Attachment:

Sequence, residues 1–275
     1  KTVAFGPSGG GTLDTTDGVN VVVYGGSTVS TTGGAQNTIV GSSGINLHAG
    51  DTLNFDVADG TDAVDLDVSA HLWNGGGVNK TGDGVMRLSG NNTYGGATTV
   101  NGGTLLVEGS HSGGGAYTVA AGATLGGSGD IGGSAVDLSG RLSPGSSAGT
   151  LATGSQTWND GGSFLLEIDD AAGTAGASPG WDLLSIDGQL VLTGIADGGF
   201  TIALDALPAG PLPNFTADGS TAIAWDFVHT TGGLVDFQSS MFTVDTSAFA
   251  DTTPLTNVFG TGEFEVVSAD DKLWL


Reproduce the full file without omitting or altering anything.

Sequence, residues 1–275
     1  KTVAFGPSGG GTLDTTDGVN VVVYGGSTVS TTGGAQNTIV GSSGINLHAG
    51  DTLNFDVADG TDAVDLDVSA HLWNGGGVNK TGDGVMRLSG NNTYGGATTV
   101  NGGTLLVEGS HSGGGAYTVA AGATLGGSGD IGGSAVDLSG RLSPGSSAGT
   151  LATGSQTWND GGSFLLEIDD AAGTAGASPG WDLLSIDGQL VLTGIADGGF
   201  TIALDALPAG PLPNFTADGS TAIAWDFVHT TGGLVDFQSS MFTVDTSAFA
   251  DTTPLTNVFG TGEFEVVSAD DKLWL